NEW YORK — Bond funds have made money so far this year as many stock markets around the world have faltered.
It’s another reminder of how bonds can help stabilize a portfolio and protect investors during inevitable drops in the stock market.
Not bad for a group of investments that many were dumping last year: Investors pulled a net $83.4 billion from bond mutual funds in 2013, according to the Investment Company Institute.
“It’s not sexy, but fixed-income is still the most effective mitigator of equity risk,” said Jim Lauder, portfolio manager of the Wells Fargo Advantage Dow Jones Target Date mutual funds. “If you look at what happens when the world falls apart, other asset classes don’t provide the same type of diversification benefits.”
To be sure, most strategists expect conditions to remain tough for bonds in coming years.
Bonds had their first annual drop last year in more than a decade. Interest rates are low, which not only means that they offer small interest payments but they’re also under threat to drop in price. That’s what happens when interest rates rise, and many strategists expect that to occur.
But the early 2014 leaderboard for mutual-fund performance shows the risk of abandoning bonds.
Consider Lauder’s target-date mutual funds, which are built for people saving for or living in retirement. His portfolios have a larger percentage of assets in bonds and cash and less in stocks than many rival target-date mutual funds.
The less-risky approach means they may lag behind peers when the market is soaring, like last year. But it also helps provide a steadier ride during rocky periods: The Wells Fargo Advantage Dow Jones Target Date fund for investors planning to retire in 2020 ranks in the top 9 percent of its category for returns this year, for example.
The largest category of bond mutual funds by assets, intermediate-term bond funds, has returned an average of 1.3 percent this year, according to Morningstar. That beats the performance for all kinds of stock mutual funds, including the drops of 4.5 percent for emerging-market stock funds and of 1.9 percent for U.S. large-cap value stock mutual funds.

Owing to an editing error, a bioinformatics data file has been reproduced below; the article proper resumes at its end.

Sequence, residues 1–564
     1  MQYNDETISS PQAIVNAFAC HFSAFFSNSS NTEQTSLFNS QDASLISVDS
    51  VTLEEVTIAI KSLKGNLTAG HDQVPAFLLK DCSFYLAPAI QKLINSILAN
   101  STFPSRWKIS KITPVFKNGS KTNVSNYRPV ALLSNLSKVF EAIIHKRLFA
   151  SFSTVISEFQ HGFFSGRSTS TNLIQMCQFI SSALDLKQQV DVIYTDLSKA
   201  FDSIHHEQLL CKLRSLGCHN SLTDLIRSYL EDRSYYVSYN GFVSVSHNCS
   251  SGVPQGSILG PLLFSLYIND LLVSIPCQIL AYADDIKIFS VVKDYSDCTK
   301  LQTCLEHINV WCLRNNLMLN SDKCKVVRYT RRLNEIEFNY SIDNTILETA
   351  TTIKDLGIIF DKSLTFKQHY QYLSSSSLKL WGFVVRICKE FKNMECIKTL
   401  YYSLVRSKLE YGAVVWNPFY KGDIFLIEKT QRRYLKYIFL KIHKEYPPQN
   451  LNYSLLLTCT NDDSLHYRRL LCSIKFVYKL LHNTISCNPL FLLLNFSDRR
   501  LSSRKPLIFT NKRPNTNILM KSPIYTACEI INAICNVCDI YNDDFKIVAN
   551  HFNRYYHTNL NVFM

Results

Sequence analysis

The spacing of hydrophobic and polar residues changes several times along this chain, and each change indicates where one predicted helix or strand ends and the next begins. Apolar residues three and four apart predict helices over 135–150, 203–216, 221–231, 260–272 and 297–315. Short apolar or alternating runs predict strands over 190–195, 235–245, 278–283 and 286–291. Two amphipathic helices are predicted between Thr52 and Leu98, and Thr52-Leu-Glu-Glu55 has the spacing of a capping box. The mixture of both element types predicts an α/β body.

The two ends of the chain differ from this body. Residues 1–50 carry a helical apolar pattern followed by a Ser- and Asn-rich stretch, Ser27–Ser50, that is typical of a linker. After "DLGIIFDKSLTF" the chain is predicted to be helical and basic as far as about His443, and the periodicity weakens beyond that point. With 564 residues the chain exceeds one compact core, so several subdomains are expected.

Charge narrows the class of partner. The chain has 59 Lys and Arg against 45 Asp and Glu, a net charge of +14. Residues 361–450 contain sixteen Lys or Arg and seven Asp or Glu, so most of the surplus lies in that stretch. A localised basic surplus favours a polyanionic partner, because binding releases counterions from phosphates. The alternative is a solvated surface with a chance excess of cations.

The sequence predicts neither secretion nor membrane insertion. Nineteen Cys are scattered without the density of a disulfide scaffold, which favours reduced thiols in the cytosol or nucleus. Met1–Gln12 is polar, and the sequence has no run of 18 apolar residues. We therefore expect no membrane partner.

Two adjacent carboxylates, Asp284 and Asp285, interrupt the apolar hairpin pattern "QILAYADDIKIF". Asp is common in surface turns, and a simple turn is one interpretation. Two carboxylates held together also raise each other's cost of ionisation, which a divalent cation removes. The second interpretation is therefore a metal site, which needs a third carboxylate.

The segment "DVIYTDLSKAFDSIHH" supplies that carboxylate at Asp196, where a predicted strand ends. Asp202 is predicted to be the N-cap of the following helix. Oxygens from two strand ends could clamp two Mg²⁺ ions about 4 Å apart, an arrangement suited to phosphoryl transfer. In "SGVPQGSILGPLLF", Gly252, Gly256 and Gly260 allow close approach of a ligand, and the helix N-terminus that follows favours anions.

The difference was starker before this week’s rebound for stock prices. In January, the average intermediate-term bond fund rose an average 1.3 percent versus a drop of 6.3 percent for emerging-market stock funds and 3.6 percent for U.S. large-cap value stock funds.
Offsetting stock risk
The clearest example of how bonds can offset the risk of stocks may be 2008, when the financial crisis dragged the Standard & Poor’s 500 index to a loss of 37 percent after including dividends.
Funds focused on intermediate-term government bonds had a positive return of 4.8 percent that year, the result of nervous investors piling into Treasurys in search of safer investments.
Bonds don’t have a perfect record of zigging when stocks have zagged, said Jason Brady, portfolio manager at Thornburg Investment Management.
Last summer, both stocks and bonds fell when worries flared that the Federal Reserve would soon start slowing its bond-buying stimulus program, for example.
But the shakiness for stocks early this year still sent some investors back to traditional bond mutual funds, at least temporarily.
Taxable bond funds attracted a total of $3.49 billion in net investment last month, according to Morningstar.
Among Thornburg’s traditional bond funds, Brady said he saw increased dollars flow into the Limited Term Income fund, which has a five-star rating from Morningstar. But Brady expects that to diminish, given the relatively low yields.
He expects the interest to continue for his Thornburg Strategic Income fund and other mutual funds that invest in more esoteric areas of the bond market across the world.
Such nontraditional bond funds would be less vulnerable to jumps in Treasury yields, though they also may offer less protection as a diversifier for when stocks are falling.
“People have not been very aware that fixed-income markets are much larger and more diverse than people give them credit for,” Brady said.